Originally developed for tracking vehicle parts during assembly in Japan, Quick Response codes are two dimensional barcodes with many applications. Denso Wave first pioneered them in 1994, but after the iPhone release in 2006 they found a new purpose. Simply scanning with a smartphone allows access to all kinds of content. In the last few years QR has become a buzzword; marketers were told that they were vital to bridging the physical and digital worlds. This led to many companies using QR codes just for the sake of it, not providing any value to the customers or the companies themselves. QR’s reputation was damaged, perhaps irrevocably, with many media sources declaring them dead.
Several difficulties with the platform prevented it from exploding. A scanning app is required, and smartphones have not come with a one pre-installed. Many marketers do not like using them because they find they ruin a beautiful image, or don’t fit the overall theme of their products. Unquestionably though, the worst problems have come from poor usage. QR codes leading you to desktop sites when you’re on mobile, codes printed where you cannot scan them, codes on desktop sites where a hyperlink will do and printing codes at poor quality so the apps can’t even read them. The list goes on. Websites exist just with examples of rubbish QR campaigns and there is a book called “QR codes kill kittens.” This has blown a hole in the high-tech reputation the brand once had.
With an innovative approach, QR based marketing can be fantastic. Tesco used QR codes in South Korea to boost their online sales. Posters of shelves of goods were put up in subways, allowing people to scan what they wanted with their phones. When they got home, the food would be delivered. This provides value by allowing previously wasted time to become productive, and customers responded; Homeplus, Tesco’s South Korean arm, became the number one online food retailer. Verizon, meanwhile, used QR codes in store to enter customers into a competition; when someone scanned a QR code it would share a Verizon advert on Facebook. If someone clicked on the ad and bought a Verizon phone the original customer would get a free smartphone. Customers benefited by potentially winning a phone, and Verizon gained highly visible marketing spots on Facebook. The campaign cost $1,000 and brought in $35,000 in increased sales, huge value for money. One of the greatest advantages of QR codes is that they can be printed on mass produced items, and companies like Heinz have used this effectively, whereas other technologies may need chips to be included, or beacons placed nearby.
There is now competition in this sector however, with technologies like Automatic Content Recognition (ACR). While still needing work to make it quicker and more accurate, ACR would allow you to just point your phone at an item and receive content. No codes would need to be printed at all, and software updates to the reader app would allow a company to optimise its campaign without altering the product itself. Then again, items would have to have a sign somewhere though telling people to scan it unless they expect you to just walk around scanning everything. Is this any better than having a QR code printed?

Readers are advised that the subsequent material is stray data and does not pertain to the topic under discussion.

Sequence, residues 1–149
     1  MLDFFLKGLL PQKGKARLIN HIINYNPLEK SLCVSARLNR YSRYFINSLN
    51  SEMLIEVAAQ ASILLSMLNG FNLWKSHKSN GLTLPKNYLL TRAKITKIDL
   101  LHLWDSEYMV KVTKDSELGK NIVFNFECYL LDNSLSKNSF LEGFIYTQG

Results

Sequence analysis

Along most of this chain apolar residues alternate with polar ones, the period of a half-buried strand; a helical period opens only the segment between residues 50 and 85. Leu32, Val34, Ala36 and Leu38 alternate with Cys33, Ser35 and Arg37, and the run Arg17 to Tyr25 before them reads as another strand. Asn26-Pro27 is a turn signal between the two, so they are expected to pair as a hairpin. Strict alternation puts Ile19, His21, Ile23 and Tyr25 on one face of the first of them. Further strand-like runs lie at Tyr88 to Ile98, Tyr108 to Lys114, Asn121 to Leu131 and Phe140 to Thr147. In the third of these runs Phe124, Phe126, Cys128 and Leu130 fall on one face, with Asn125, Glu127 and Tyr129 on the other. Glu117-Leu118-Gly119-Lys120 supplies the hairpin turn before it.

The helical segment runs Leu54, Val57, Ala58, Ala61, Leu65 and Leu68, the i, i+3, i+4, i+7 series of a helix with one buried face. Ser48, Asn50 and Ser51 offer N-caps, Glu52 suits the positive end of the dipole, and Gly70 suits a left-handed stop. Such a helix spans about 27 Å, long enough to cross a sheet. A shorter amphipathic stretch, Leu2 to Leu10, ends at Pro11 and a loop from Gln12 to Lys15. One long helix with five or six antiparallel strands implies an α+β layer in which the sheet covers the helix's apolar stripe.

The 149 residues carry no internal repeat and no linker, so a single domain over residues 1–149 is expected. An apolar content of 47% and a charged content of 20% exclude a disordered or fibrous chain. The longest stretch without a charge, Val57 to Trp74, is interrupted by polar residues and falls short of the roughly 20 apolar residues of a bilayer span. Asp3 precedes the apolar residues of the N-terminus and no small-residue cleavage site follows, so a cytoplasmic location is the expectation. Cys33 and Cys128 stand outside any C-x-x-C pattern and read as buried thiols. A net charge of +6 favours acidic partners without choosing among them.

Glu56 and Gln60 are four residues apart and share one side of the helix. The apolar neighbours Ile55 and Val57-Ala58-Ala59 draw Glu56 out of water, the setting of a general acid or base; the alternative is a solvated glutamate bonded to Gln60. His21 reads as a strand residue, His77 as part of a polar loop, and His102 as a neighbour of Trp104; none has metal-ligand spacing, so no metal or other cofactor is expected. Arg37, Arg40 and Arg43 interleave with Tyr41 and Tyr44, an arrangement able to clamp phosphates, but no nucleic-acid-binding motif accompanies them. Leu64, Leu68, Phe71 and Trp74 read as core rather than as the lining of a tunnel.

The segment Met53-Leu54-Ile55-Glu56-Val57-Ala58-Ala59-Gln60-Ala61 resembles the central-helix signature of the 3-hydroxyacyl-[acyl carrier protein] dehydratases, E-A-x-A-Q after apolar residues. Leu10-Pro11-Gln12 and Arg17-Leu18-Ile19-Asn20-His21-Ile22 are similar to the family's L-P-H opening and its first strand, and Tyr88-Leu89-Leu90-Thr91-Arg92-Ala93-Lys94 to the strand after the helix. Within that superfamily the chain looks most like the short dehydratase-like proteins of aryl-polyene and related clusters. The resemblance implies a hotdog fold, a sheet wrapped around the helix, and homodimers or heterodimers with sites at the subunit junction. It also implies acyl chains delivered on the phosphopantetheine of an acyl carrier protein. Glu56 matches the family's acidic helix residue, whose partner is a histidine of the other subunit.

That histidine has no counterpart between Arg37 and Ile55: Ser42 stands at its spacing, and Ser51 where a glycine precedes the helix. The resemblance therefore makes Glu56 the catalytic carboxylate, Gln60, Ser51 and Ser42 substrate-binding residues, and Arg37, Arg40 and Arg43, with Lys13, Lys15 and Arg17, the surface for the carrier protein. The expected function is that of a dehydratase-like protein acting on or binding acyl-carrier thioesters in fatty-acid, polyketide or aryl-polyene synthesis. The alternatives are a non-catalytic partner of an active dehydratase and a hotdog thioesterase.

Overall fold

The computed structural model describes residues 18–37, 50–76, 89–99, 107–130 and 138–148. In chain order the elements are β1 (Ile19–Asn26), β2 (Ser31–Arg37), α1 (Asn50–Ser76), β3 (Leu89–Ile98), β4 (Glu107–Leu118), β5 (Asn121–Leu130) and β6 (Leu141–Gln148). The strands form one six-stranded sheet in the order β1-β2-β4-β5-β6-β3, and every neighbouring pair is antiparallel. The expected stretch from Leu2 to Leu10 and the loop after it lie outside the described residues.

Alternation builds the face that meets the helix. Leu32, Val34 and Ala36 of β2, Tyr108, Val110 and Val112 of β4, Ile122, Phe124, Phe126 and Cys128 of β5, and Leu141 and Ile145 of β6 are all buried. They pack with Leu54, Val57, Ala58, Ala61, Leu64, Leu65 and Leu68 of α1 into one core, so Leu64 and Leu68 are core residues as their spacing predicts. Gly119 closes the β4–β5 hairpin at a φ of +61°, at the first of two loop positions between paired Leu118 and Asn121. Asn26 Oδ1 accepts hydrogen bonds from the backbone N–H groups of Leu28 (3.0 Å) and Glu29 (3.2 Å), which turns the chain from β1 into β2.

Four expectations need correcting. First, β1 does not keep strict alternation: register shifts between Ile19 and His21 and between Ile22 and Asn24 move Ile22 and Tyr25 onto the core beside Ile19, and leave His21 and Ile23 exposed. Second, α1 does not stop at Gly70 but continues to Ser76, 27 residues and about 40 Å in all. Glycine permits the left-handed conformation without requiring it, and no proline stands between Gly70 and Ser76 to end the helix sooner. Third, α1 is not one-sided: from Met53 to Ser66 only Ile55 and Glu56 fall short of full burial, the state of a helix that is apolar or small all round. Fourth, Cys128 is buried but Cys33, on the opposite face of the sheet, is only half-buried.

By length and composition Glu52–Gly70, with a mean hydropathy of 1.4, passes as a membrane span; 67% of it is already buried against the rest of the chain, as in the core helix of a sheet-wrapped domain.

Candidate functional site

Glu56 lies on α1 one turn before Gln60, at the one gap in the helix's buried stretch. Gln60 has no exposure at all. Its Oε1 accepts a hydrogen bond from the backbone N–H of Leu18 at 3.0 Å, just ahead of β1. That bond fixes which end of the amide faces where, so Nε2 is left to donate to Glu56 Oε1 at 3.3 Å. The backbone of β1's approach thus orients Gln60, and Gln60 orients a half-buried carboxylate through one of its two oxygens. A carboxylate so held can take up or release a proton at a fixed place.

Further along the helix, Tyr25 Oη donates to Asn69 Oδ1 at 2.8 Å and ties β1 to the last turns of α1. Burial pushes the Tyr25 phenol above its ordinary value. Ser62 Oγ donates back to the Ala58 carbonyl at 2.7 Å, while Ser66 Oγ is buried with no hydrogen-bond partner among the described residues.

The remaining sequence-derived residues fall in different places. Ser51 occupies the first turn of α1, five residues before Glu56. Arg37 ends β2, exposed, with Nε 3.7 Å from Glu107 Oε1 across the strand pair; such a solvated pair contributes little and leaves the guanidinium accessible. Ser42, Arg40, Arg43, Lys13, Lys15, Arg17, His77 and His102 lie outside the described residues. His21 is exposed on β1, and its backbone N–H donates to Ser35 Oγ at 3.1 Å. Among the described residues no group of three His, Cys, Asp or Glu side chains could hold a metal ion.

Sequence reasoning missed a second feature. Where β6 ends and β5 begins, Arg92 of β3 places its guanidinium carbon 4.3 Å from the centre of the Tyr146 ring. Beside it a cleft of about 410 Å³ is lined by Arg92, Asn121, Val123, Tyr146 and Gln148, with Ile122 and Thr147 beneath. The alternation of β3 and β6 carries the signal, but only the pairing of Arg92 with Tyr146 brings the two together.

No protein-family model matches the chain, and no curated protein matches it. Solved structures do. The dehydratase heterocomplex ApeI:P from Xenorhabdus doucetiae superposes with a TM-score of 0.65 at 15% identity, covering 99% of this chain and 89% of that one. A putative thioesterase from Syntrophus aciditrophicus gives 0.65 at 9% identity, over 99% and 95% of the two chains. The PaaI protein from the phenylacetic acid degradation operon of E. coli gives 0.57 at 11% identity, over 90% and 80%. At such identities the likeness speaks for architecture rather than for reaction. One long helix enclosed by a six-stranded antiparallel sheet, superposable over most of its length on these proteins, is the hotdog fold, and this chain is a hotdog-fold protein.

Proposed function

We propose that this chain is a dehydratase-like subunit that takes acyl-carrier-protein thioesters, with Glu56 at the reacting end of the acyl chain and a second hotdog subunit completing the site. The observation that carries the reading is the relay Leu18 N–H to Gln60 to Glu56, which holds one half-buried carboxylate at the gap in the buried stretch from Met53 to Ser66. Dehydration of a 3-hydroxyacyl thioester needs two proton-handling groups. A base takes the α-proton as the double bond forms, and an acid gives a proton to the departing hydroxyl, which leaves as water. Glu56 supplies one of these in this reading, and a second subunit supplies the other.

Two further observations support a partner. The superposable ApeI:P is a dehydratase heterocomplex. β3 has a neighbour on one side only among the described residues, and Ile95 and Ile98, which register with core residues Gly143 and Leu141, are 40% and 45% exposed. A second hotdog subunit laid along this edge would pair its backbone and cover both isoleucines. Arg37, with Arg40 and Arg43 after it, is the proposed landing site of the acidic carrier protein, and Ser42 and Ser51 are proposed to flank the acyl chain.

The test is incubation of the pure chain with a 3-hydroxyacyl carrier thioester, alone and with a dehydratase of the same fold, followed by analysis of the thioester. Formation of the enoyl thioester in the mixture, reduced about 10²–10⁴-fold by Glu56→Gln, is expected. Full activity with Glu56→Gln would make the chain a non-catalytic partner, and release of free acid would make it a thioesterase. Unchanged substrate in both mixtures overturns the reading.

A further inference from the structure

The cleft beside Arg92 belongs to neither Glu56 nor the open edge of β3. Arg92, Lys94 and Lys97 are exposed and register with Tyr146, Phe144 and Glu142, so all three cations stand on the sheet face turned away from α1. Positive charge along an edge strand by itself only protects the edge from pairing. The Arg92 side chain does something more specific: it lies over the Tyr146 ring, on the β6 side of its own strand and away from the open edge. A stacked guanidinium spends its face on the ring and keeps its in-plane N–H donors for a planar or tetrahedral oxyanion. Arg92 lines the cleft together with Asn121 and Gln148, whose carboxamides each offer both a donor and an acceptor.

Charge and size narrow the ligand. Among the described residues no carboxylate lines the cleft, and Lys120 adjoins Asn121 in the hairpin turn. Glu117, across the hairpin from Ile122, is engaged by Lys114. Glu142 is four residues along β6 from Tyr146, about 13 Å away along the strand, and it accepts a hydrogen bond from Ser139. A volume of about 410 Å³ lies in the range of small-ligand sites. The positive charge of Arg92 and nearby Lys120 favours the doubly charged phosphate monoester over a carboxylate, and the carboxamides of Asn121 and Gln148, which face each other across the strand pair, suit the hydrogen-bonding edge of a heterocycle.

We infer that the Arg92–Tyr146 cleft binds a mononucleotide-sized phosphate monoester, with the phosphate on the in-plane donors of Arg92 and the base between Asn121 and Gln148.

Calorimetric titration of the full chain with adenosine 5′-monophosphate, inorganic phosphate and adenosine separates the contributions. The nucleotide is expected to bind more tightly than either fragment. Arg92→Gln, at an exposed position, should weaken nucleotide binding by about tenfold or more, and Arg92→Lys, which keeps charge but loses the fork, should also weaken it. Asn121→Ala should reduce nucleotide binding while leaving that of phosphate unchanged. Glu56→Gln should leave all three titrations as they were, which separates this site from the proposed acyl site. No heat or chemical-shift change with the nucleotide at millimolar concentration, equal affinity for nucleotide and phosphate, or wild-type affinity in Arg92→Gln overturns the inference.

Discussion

QR codes can also be used for mobile payments, and are currently leading this area. According to Statista, 45% of mobile payment users have presented a barcode/QR code and 29% have scanned a barcode/QR code to pay for goods or services. This compares to 37% for NFC (Near Field Communication) and even lower for other methods. QR-based systems have been supported by all sorts of companies including PayPal and Barclays. A new system called CurrentC made by MCX, a group of some of the U.S’s biggest retailers like Walmart and Best Buy, is being rolled out at the moment and could lead to further growth. NFC payment is the rival technology which so far has struggled to ignite, but Apple Pay will be the strongest system using it. A standoff between retailers supporting QR code payment and those supporting NFC payment is forming. Apple Pay likely has more end user support than systems like CurrentC, but merchants want to use a system without credit card fees like their own provides. The cost of installing NFC equipment is also high and so are running costs; Best Buy stopped using it in 2011 because it was too expensive. On the other hand, Apple Pay has strong support from credit card companies formed from long negotiations and offering them a good deal. These companies are pushing retailers to upgrade payment terminals in the U.S already, and many merchants may be convinced to adopt NFC in the process. Everyone wants using their technology to become a habit and part of everyday life, and right now it is very difficult to call the end result. However, if enough of the iPhone 6 users adopt Apple Pay then the combination of pressure from consumers and the credit card companies will likely convince the rest of the retailers.
QR codes had fantastic potential, but poor use has prevented them from reaching this. With new technologies arriving which are superior, or just more fashionable, it is hard to see the use of QR codes not declining in a couple of years. Their use in payment systems will probably increase before NFC gains full support, and then sharply decline. Their use in marketing is harder to predict but will likely persist longer. ACR needs to be more reliable than it is right now, and with more innovative QR code usage marketers will feel less need to move to another technology. QR codes are not dead like some claim, and they will not die soon, but certainly their time in the sun is up.
This article was written by Tom Collard.